As an example, a person may hypothetically reduce processed meat consumption for price and/or health reasons (rational); because people close to them have made similar changes (identity); because their local food store has reduced its range of processed meat products (societal structure); or because their work canteen has stopped serving processed meats at lunch (context). Clearly there is overlap between all of these drivers of change (for example, reduced consumption of meat could be influenced by both the rational and identity-based example, by both the structural and context example, or a combination of all four.

10.2.3 Purchasing decisions are based on a hierarchy of priorities.

What do people prioritise when making conscious purchasing decisions – and what level of knowledge do they have?

Garnett, T., Mathewson, S., Angelides, P., and Borthwick, F (2015) Policies and actions to shift eating patterns: what works? Food Climate Research Network / Chatham House.

 

Most surveys of people's priorities are in high income countries or among more educated consumers globally, so these findings are not necessarily applicable to all socioeconomic groups in all regions.

Studies show that price and taste are the key conscious motivators in food consumption, although consumers are aware of, and place some importance on, the link between fruit & vegetables and health.

With regard to the environment, consumers want their food to be sustainable, but it is not a priority for them.

Awareness of the link between meat and environmental impact is low. There is however some evidence for changes in consumption when people understand the impacts, although this is often attributable to price and health factors. A strong association has been suggested between meat consumption and cultural factors and especially with regard to concepts of masculinity. (Rothgerber, H. (2013). Real men don’t eat (vegetable) quiche. Masculinity and the justification of meat consumption. Psychology of Men & Masculinity, 14, 363–375.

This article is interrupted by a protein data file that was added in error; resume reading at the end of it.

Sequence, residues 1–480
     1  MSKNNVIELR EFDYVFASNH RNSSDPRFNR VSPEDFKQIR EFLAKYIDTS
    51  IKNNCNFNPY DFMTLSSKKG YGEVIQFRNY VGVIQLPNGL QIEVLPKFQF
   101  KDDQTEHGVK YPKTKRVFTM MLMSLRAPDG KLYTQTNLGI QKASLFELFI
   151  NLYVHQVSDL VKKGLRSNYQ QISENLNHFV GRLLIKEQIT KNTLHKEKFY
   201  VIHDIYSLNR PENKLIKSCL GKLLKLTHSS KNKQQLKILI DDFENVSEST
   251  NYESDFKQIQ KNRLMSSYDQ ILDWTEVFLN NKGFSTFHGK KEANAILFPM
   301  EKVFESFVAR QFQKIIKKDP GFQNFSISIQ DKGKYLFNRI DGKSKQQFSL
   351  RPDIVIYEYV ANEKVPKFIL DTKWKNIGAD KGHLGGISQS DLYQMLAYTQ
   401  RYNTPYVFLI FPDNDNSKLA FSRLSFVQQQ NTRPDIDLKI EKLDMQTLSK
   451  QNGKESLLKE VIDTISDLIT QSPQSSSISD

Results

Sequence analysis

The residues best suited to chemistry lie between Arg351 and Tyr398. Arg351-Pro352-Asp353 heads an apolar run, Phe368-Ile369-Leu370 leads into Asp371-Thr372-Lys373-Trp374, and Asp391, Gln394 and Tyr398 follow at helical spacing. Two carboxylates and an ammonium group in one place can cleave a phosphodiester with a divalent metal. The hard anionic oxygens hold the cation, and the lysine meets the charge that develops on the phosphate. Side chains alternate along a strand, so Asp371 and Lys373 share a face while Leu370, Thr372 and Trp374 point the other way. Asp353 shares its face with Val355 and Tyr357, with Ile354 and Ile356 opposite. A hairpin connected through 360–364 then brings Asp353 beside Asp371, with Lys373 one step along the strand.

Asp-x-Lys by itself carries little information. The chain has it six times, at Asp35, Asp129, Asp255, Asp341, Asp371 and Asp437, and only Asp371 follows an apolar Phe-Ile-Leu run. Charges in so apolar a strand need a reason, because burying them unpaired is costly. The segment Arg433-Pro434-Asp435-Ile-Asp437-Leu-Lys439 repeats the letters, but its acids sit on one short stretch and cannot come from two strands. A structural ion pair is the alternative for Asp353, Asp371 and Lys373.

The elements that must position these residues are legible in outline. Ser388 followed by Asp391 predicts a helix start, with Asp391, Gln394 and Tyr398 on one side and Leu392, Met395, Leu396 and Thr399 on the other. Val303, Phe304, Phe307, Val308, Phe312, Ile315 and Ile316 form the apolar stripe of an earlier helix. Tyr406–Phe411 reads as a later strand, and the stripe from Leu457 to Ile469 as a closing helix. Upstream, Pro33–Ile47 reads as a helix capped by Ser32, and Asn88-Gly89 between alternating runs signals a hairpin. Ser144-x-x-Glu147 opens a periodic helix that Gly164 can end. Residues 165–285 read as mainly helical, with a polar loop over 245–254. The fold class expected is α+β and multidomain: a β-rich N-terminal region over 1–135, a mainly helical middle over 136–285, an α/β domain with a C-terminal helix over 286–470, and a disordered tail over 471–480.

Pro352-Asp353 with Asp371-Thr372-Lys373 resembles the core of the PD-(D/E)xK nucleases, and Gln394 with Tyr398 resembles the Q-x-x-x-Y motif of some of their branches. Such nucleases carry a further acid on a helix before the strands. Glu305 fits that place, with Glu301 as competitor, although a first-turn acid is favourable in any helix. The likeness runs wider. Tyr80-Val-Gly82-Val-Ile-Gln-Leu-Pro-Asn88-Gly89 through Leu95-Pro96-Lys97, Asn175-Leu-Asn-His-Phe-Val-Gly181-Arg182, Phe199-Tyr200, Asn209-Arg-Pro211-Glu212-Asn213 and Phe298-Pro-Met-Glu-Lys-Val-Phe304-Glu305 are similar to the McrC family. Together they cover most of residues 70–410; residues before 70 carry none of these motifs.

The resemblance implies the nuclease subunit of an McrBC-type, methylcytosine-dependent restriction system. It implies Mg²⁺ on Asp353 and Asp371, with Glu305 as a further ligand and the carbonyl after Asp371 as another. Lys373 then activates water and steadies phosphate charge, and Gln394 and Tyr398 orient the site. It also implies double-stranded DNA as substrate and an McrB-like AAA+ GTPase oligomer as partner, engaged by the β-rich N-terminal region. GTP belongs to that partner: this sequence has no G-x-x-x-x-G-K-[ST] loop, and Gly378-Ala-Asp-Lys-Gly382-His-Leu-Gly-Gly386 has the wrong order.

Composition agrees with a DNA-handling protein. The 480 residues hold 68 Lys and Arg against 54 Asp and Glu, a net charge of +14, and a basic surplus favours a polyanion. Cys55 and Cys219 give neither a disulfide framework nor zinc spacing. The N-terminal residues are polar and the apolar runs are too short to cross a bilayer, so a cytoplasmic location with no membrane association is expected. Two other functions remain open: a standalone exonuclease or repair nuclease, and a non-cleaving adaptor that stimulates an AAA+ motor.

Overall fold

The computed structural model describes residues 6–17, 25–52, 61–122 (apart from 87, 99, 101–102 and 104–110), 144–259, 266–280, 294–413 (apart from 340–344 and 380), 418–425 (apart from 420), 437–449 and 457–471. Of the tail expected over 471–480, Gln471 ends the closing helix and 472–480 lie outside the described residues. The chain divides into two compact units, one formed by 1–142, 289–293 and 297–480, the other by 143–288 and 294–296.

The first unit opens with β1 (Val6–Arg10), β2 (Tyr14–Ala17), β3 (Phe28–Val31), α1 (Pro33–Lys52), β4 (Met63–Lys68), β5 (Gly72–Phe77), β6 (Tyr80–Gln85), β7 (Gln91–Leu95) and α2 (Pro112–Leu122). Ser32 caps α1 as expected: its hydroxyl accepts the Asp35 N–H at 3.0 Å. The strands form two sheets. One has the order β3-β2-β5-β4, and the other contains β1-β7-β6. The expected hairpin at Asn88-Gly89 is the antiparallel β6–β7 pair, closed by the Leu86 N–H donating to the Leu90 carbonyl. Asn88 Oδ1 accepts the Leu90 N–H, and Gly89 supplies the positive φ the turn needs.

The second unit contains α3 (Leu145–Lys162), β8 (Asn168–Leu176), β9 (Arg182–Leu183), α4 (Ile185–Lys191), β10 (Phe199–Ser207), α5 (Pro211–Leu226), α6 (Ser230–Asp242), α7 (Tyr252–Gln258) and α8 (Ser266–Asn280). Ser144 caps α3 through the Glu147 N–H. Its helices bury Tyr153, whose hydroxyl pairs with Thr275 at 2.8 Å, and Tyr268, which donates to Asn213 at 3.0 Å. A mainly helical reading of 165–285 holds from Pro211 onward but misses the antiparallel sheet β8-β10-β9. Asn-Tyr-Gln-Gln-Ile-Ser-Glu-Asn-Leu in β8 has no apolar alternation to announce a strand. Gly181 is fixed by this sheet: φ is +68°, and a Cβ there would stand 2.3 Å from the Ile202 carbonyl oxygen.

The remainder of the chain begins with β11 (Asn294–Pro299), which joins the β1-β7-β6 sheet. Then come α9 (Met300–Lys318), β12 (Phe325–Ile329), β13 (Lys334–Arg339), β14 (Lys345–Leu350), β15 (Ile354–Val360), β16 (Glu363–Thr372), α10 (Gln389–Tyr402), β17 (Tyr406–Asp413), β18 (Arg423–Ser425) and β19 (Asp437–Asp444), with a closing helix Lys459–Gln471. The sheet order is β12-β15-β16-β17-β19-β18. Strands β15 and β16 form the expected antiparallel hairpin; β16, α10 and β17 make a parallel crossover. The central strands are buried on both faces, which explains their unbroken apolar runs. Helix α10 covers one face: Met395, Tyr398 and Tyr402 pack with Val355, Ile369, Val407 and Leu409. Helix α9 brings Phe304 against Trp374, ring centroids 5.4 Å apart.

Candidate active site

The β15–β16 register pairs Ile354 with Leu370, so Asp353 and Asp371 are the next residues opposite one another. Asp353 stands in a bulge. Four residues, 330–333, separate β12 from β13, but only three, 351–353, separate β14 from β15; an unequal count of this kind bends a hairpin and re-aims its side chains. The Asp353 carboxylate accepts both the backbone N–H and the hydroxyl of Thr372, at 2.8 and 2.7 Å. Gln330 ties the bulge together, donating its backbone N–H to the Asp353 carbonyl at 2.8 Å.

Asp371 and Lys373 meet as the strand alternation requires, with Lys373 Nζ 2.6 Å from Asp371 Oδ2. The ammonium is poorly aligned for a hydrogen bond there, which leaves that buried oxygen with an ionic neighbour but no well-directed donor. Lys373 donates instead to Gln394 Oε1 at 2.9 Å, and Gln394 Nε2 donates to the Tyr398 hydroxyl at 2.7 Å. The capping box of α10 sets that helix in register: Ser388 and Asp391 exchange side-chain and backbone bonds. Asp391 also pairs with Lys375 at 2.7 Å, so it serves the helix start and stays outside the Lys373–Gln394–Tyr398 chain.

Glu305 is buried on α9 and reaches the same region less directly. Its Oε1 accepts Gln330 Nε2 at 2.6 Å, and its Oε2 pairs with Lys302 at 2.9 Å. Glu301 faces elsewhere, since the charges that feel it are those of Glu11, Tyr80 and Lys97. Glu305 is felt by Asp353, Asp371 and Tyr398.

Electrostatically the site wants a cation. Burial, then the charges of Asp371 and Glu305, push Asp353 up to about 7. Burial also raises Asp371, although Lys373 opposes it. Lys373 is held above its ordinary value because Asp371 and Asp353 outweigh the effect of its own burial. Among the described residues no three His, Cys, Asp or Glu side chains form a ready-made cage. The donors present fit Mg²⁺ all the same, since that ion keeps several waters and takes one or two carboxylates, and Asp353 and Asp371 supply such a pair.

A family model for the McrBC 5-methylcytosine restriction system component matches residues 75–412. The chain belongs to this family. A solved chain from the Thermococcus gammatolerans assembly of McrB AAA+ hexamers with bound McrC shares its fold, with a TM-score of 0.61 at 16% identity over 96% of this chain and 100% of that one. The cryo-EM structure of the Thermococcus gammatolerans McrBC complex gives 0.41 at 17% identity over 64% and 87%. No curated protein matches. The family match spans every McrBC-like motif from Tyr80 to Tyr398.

Rozin, P., Hormes, J. M., Faith, M. S., &Wansink, B. (2012). Is meat male? A quantitative multimethod framework to establish metaphoric relationships. The Journal of Consumer Research, 39, 629–643.

Ruby,M. B., & Heine, S. J. (2011). Meat, morals, and masculinity. Appetite, 56, 447–450. 0

 In many countries the availability of cheap meat-based foods, combined with these cultural factors, may present a significant barrier to shifts towards less meat consumption.

Public awareness of local food and organic food is generally higher, and while there are certain advantages attributed to both locally-sourced and organically-grown food, there is a lack of research consensus. The benefits of both can be context-specific (see Chapter 3 for more information on the transport impacts of food, and Chapter 4 for more about organic farming’s role in sustainable food production).

There is a lack of research into public attitudes specifically relating to reduced sugar intake – even though awareness levels are good.